If there were an award for the most unusual opening for a middle school novel, my vote would go to The Graveyard Book by Neil Gaiman. Then again, he doesn’t need an award for that, as he has already won boat loads of awards, including the Newberry for that particular title. Mr. Gaiman can obviously pull it off, but his opening for this novel breaks all the rules for children’s books. The opening scene is from the viewpoint of a killer, as he walks through a house, killing a family. All of the family save one, a toddler who climbs out of his crib and toddles off into the night, unwittingly saving himself. If any other writer submitted an opening like this, they would be roundly rejected, and possibly blacklisted by the publishing house. This opening would be fine in an adult horror or suspense novel, par for the course in young adult, even. But there is a different expectation for middle grade readers. This would be considered too violent and too harsh for the delicate sensibilities of younger readers. Only it wasn’t. Middle school readers loved the book when it came out and it is now considered a modern classic.

This opening is about as dark and disconcerting as you can get, but the good news is that the toddler goes on to find protection and a new family. That doesn’t mean that the story settles down and becomes conventional, though. His new family is a collection of ghosts who live, no, scratch that, who reside in a nearby graveyard. The story tells how the young boy, Bod (short for Nobody) grows up and learns about life from a host of ghosts, ghouls and an undead guardian. It’s easy to see how this could sound like a bad horror story, or a sick joke of some kind. It doesn’t come across that way, though. The emotions feel authentic, and like so many other great middle school books, you feel for Bod as he tries to find out how he will fit in and find his place in the world.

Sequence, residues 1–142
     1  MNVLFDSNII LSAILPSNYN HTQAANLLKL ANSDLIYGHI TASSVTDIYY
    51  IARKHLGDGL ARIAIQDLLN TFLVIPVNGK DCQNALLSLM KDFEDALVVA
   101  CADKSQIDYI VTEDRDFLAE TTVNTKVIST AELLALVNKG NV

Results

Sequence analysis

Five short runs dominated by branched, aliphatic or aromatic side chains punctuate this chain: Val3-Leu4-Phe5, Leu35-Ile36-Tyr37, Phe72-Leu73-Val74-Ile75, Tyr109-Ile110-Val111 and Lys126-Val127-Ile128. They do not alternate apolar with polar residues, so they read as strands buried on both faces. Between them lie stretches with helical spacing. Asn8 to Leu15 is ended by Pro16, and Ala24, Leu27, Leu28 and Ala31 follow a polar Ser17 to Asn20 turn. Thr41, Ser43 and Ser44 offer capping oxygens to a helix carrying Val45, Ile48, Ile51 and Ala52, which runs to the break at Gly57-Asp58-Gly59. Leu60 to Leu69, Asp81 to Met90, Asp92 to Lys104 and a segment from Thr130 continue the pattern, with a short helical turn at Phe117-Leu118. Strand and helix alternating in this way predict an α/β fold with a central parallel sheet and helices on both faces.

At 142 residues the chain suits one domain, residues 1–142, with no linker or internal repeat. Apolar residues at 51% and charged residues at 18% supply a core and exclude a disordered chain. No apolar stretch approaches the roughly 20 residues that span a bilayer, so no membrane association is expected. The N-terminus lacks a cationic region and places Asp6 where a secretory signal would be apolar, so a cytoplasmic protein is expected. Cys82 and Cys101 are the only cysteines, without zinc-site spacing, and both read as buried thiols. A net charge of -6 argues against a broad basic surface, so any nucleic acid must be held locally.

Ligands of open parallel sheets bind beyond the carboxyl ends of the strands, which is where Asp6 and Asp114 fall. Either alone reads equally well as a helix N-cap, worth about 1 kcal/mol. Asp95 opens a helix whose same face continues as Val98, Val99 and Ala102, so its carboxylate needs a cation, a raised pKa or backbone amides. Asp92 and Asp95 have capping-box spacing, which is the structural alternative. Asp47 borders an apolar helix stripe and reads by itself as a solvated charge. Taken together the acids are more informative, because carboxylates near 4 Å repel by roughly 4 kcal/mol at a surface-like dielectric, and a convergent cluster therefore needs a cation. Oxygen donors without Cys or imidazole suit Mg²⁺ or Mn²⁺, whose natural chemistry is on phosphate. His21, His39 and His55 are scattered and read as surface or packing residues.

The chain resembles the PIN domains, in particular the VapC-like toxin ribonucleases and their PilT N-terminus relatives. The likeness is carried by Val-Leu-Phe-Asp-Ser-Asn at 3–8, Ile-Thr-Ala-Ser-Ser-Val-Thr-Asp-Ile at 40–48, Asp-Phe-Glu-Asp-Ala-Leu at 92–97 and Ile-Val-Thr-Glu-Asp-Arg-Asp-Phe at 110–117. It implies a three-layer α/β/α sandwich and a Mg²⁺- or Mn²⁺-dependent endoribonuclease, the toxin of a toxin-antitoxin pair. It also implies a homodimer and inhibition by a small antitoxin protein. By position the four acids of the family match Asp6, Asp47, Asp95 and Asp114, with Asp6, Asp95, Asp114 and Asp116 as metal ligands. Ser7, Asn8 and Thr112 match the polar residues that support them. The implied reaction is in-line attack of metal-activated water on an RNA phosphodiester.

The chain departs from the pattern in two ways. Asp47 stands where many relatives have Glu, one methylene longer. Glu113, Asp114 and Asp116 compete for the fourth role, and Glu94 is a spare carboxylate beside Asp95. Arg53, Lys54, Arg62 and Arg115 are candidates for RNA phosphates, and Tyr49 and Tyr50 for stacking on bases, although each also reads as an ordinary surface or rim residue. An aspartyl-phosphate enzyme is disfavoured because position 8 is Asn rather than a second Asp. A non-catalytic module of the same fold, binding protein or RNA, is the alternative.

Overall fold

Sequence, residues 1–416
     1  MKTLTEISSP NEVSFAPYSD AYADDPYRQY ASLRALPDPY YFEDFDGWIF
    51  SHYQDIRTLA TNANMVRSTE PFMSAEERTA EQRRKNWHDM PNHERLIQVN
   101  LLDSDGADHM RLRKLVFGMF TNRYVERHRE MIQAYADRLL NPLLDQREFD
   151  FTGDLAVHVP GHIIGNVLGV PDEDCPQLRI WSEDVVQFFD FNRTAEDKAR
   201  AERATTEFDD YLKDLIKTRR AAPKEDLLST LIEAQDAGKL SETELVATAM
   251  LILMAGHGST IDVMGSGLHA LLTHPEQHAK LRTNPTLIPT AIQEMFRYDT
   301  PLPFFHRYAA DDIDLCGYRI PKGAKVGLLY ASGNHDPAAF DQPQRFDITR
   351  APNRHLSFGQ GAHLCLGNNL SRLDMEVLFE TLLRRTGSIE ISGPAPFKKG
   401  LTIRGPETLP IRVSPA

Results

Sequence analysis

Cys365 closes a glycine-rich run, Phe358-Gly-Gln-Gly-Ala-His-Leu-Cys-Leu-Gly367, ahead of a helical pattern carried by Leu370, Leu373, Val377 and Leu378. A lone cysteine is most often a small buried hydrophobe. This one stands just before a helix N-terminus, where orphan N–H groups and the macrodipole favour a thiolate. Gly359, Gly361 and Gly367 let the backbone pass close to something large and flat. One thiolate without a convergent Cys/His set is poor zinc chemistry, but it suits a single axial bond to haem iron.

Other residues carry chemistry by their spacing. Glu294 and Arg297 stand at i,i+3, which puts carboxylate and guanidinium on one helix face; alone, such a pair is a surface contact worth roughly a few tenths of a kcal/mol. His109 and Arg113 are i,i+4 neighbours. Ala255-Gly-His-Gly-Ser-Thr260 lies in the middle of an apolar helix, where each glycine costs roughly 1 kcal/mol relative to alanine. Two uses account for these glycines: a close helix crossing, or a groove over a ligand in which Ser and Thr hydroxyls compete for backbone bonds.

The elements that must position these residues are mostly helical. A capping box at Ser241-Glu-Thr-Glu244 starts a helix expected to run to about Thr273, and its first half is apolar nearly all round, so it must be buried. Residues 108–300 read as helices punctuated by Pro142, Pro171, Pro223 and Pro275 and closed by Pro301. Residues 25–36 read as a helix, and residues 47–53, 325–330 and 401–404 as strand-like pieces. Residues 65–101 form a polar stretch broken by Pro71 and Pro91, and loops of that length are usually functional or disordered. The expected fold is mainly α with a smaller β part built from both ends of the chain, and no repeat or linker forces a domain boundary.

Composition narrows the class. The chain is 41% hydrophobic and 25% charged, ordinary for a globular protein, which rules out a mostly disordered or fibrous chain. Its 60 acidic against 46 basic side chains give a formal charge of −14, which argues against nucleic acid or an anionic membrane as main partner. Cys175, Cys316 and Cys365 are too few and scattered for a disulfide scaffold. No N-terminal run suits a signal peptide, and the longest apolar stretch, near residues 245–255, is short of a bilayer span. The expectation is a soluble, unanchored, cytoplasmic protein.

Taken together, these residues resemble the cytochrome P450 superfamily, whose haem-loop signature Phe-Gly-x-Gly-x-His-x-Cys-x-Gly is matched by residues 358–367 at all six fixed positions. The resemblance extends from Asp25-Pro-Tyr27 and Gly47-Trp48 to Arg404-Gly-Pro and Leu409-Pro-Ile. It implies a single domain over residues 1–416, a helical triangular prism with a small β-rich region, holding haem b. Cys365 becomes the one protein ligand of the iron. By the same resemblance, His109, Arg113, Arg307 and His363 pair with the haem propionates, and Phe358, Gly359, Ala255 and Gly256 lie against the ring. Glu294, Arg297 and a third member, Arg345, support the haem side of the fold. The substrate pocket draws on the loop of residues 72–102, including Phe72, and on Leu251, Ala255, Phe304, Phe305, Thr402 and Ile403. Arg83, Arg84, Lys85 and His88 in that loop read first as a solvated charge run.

Kids are drawn to darkness and there is a thrill in being scared. Kids love ghost stories told around a campfire, and do their best to scare each other. They pick up on concepts like death pretty early, and it’s almost taboo to talk about, even though we are flooded with images of it in movies and TV, as well as the daily news. Being scared with a book gives them a way to face their fears and see death up close, but know they are going to survive. Scary books that parents hated have always been in demand. Goosebumps was a big hit for a long time, and I remember having a dog eared copy of Scary Stories to Tell in the Dark that was passed down from my oldest son to my youngest, and read and reread throughout the years. So there has always been a demand for books that are dark and gritty. What Neil Gaiman was able to do was to take that story and make it magical, too. And that is a real accomplishment.